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Thread: Locating A Corner on a Mill

1. Originally Posted by 12bolts
Depending on the height I have my mill table cranked to I have always found it easy to locate the corner with either my knee, hip or elbow with very little difficulty
Pretty easy to find all of the movement handles as well, especially in the dark

2. Thanks Rick! We've added your Corner Locating Method for a Mill to our
Measuring and Marking

3. I suspect that I suffered in the same manner, always having a hard time in math class concentrating on what was being taught. Part of that was sitting next to with e window (it was always more interesting outside) and part due to abstract ideas with no relation associated with the real world. In a nut shell you combine a bad student with difficulty linking the abstract to the real and you have problems.

Recently I wanted to plot some holes on an archimedes spiral and spent some time relearning (or maybe learning stuff I never really got) a bit of math. What a reward though to actually get results you want after many false starts. While I've yet to apply this to the project I have in the shop, I did the math via a programming language Called Python and plotted the results immediately. I really think that, that plotting helped immensely with understanding the math and getting the right result. The visuals are very important in grasping some of this strange math.

Originally Posted by Toolmaker51
I agree with Marv and Rick. Algebra and Trig are indispensable solutions for converting 'abstract' figures into factual articles. The problem many face stem once again, from removal of vocational electives from public schools. Theory and rote memorization never make the point of utility better than usage in real situations, reinforced by visual results. Math was my biggest adversary in classes, but a breeze in shop! With 45 years machining, and 26 navigating my attention is better than predictions indicated. My solutions tend along with Rick, using different means. I respect Marv's ability to illustrate sophisticated calculations, I'm restricted to smaller bites.
I prefer trig overall for various solutions. I probably use algebraic techniques unknowingly, by reasoning out digits to work with over letters.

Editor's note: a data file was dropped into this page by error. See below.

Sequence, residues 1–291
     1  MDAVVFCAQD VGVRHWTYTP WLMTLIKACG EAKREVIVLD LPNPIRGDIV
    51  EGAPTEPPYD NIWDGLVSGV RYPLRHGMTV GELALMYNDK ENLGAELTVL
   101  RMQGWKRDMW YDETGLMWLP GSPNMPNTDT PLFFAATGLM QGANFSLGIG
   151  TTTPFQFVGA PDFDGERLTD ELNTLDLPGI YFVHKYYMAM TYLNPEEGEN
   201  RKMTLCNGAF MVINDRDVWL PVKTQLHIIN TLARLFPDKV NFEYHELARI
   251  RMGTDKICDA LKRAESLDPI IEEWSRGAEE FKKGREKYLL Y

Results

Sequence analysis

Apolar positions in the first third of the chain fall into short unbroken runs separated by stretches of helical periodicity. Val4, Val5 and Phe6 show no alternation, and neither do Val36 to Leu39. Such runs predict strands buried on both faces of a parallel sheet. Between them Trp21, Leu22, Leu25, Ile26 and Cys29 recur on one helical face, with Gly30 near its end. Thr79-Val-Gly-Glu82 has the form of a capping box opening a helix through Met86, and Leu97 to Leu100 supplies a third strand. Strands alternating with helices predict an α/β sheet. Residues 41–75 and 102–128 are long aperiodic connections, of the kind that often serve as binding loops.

But tell algebra this; quit asking us to find your X; she's long gone and not coming back!

4. Originally Posted by wizard69
I really think that, that plotting helped immensely with understanding the math and getting the right result. The visuals are very important in grasping some of this strange math.
That's probably why, after arithmetic, geometry is the oldest form of mathematics. It deals with relationships between objects that can be drawn and seen.

Unfortunately, when one gets a bit farther along in math, drawing a picture becomes very difficult. Consider the fact that many infinite series (sum of an infinite number of terms) have finite sums. How do you draw a picture to visualize that?

5. Another idea for a centering tool on every angle value.(it's a bad picture but I'm really not a graphist…)

6. Have you tried this out? I'm not sure how it works.

Rick

7. In order for it to work the angle to be measured must contact the edges of BOTH slots. A sufficiently obtuse angle will not do that, so I can't see it working on "every angle value". Also, very acute angles will penetrate too far and not contact both slot edges.

8. Sorry for my too shorter explanation, it goes on all angles but you need to have multiple widhts, it's not a single universal tool, but each time you need one and make it you can use it on different angles, and often i open more until it's no more usable.
It is not an universal tool as described on the original post, just another way in the same manner to simplify the job.
I try to make a short video for a better explanation.

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